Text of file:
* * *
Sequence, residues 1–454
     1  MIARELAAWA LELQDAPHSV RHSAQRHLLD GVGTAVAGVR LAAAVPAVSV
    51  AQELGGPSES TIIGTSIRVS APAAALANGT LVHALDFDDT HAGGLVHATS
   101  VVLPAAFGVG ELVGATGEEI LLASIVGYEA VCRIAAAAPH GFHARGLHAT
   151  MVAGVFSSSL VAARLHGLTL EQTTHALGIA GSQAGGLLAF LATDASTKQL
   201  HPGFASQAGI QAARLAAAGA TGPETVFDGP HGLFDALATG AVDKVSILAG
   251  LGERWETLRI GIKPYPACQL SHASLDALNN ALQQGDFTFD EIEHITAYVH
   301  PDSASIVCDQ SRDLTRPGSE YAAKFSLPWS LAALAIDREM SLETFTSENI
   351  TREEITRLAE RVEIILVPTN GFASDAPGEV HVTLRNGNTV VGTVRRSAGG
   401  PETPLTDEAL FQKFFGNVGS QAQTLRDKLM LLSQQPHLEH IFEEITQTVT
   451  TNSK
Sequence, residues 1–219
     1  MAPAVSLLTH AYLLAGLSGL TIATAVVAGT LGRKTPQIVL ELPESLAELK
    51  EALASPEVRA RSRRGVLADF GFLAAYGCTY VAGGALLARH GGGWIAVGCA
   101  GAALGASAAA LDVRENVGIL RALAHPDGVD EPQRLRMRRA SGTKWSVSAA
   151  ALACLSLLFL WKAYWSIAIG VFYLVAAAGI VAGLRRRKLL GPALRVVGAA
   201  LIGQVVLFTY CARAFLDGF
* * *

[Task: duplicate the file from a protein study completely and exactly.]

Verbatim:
Sequence, residues 1–454
     1  MIARELAAWA LELQDAPHSV RHSAQRHLLD GVGTAVAGVR LAAAVPAVSV
    51  AQELGGPSES TIIGTSIRVS APAAALANGT LVHALDFDDT HAGGLVHATS
   101  VVLPAAFGVG ELVGATGEEI LLASIVGYEA VCRIAAAAPH GFHARGLHAT
   151  MVAGVFSSSL VAARLHGLTL EQTTHALGIA GSQAGGLLAF LATDASTKQL
   201  HPGFASQAGI QAARLAAAGA TGPETVFDGP HGLFDALATG AVDKVSILAG
   251  LGERWETLRI GIKPYPACQL SHASLDALNN ALQQGDFTFD EIEHITAYVH
   301  PDSASIVCDQ SRDLTRPGSE YAAKFSLPWS LAALAIDREM SLETFTSENI
   351  TREEITRLAE RVEIILVPTN GFASDAPGEV HVTLRNGNTV VGTVRRSAGG
   401  PETPLTDEAL FQKFFGNVGS QAQTLRDKLM LLSQQPHLEH IFEEITQTVT
   451  TNSK
Sequence, residues 1–219
     1  MAPAVSLLTH AYLLAGLSGL TIATAVVAGT LGRKTPQIVL ELPESLAELK
    51  EALASPEVRA RSRRGVLADF GFLAAYGCTY VAGGALLARH GGGWIAVGCA
   101  GAALGASAAA LDVRENVGIL RALAHPDGVD EPQRLRMRRA SGTKWSVSAA
   151  ALACLSLLFL WKAYWSIAIG VFYLVAAAGI VAGLRRRKLL GPALRVVGAA
   201  LIGQVVLFTY CARAFLDGF